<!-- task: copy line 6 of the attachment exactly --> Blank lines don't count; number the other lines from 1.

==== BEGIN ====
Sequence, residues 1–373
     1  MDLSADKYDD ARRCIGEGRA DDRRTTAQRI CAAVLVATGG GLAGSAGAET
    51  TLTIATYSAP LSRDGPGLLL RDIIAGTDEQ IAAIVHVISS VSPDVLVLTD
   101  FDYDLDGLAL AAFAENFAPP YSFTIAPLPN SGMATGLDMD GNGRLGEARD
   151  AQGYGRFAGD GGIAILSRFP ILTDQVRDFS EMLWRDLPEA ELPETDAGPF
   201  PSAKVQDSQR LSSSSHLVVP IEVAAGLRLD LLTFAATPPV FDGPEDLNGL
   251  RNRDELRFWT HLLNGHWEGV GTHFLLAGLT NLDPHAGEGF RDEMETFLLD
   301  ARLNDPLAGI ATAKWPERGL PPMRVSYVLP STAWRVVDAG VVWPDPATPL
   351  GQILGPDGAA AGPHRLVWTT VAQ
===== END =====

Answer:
   201  PSAKVQDSQR LSSSSHLVVP IEVAAGLRLD LLTFAATPPV FDGPEDLNGL